I definitely like feel like agree with the hesitation like me, then it’s still a greenhouse gas, right? Like, it still doesn’t seem wrong, to try to address it where we can and you know, like it or not, like ruminants are a source of that. So yeah, I don’t want to like throw the baby out with the bathwater about it, but it definitely does seem to lend a lot of perspective. Yeah, it kind of enables farmers to, I guess, focus on like, the benefits that they can perceive, like, improves our soil health, or, you know, it’s beneficial for biodiversity and, and life in the soil. Some, I think, like there’s quite an interesting potential for like reframing and like maybe free farmers from, from the need to like, justify, on all fronts, everything that they do.

Katie Revell 18:37
At the end of the day, it seems like what this all comes down to is a matter of perspective and priorities. If we demonise a single industry, a single practice or a single food as the cause of all of our climate woes, or conversely, if we sanctify it as the solution to them, does that risk obscuring the bigger picture?

Raymond Pierre Humbert 18:57
The idea that becoming vegan is the single most important thing you could do for climate. When you look at the food system and livestock agriculture, through a more accurate lens, it’s definitely not the best single thing you can do. The best single thing you could do probably is to live in a city use public transit, and to have heating through district heating on a heat pump. There’s a danger in over emphasising the role of personal choices on meat consumption, if it’s a hard thing for an individual to do, when shouldn’t devote too much psychic energy into trying to become a vegan, to the detriment of the really big things you can do. Really big things you can do include not just the things that are under your personal control, like what kind of heating system and car you have, where you live, but also political activity. Having a government that will take Net Zero seriously and stop making new oil leases that’s really important. That takes a lot of energy to that kind of activism and if you coming home to a beyond burger instead of instead of a roast chicken makes it harder for you to maintain the psychic energy for political activism that that’s a loss that is a real loss.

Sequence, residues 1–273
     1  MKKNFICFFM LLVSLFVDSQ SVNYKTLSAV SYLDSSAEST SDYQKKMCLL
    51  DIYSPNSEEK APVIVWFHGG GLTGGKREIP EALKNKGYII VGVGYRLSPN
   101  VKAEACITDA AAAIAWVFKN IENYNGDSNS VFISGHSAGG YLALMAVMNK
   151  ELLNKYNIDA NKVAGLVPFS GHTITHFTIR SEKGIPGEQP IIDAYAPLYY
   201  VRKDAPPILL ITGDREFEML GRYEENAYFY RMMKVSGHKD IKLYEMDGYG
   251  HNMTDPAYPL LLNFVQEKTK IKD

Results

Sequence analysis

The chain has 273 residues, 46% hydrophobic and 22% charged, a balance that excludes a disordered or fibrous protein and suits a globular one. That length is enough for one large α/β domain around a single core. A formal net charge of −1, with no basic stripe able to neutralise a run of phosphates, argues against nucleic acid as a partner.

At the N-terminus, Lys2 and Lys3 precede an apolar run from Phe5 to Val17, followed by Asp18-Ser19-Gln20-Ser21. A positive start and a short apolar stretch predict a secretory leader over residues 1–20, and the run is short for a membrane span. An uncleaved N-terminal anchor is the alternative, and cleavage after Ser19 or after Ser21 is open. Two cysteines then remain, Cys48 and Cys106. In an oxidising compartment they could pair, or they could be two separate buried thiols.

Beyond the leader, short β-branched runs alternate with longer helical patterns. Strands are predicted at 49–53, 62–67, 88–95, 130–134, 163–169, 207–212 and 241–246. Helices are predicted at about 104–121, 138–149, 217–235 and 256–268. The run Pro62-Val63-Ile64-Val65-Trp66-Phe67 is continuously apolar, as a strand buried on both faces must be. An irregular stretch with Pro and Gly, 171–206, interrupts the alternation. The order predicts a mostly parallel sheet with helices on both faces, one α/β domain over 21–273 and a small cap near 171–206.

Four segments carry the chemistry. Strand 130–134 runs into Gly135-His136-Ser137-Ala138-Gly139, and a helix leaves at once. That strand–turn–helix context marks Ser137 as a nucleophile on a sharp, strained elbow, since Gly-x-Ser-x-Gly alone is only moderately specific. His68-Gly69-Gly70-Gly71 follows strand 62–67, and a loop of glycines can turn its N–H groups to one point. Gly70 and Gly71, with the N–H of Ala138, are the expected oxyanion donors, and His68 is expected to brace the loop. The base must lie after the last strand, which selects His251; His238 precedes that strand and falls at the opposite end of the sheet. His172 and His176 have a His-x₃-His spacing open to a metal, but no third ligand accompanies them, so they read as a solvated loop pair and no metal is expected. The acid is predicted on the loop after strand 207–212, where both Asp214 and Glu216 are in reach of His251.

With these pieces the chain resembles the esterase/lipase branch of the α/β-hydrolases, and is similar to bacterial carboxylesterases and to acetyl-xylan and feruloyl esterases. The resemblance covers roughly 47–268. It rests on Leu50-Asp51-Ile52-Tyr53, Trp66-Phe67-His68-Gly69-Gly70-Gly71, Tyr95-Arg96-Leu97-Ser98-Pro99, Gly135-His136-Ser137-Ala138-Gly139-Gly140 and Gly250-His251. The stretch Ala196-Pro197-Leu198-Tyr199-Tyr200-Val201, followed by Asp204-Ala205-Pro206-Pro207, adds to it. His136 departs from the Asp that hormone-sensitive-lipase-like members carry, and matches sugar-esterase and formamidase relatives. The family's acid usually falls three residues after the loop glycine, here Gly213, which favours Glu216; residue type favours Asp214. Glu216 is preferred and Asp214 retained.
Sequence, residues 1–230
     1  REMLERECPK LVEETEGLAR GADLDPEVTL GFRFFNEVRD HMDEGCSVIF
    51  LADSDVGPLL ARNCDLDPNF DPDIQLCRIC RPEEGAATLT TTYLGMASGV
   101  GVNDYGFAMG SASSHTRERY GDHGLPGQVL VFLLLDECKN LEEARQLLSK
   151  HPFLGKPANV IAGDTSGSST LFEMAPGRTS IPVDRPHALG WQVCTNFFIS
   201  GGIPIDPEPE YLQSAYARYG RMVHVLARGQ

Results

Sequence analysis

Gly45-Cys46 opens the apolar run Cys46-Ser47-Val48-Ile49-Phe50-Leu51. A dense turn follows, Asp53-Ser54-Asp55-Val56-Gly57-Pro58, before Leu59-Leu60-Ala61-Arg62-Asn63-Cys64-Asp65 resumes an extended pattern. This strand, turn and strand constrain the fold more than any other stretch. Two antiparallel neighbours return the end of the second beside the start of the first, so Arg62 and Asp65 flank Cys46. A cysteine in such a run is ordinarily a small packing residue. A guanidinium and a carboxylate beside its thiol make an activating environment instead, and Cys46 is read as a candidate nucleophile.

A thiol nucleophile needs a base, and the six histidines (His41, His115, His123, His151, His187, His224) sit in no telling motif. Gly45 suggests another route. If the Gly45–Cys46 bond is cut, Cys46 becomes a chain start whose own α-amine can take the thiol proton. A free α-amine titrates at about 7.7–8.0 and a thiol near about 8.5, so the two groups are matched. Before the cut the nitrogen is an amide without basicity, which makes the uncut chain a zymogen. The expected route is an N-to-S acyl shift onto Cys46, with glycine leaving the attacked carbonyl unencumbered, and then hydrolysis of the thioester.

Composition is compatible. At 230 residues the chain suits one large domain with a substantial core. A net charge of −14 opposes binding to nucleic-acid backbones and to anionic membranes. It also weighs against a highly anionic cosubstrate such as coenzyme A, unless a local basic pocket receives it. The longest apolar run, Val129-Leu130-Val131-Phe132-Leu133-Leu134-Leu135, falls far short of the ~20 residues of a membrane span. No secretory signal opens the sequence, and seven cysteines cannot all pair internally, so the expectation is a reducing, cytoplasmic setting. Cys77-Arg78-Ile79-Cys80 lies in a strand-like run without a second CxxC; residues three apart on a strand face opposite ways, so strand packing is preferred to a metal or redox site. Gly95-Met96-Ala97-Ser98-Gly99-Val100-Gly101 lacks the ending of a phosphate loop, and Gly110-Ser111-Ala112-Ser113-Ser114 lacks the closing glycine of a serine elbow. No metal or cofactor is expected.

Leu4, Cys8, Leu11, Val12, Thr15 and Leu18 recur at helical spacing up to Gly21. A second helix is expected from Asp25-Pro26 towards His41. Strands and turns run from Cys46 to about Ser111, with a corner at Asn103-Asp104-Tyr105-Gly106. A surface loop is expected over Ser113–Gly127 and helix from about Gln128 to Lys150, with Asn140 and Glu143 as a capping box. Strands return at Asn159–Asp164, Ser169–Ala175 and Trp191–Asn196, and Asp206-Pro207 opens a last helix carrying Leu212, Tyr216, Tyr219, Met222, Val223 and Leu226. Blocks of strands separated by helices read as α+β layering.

Seonag Barber 20:28
So I’ll just trundle on up to the gate and then they’ll follow. They’re so clever, they recognise the red car. Their heads go up as soon as they see the car coming. This is a great bit of ground for them because it’s a good scope, and they’ve got the trees and they love being in amongst the trees at certain times of day.

I’m Seonag Barber, and I farm with my husband Andrew and our family at the Mains of Fincastle.

Andrew Barber 21:09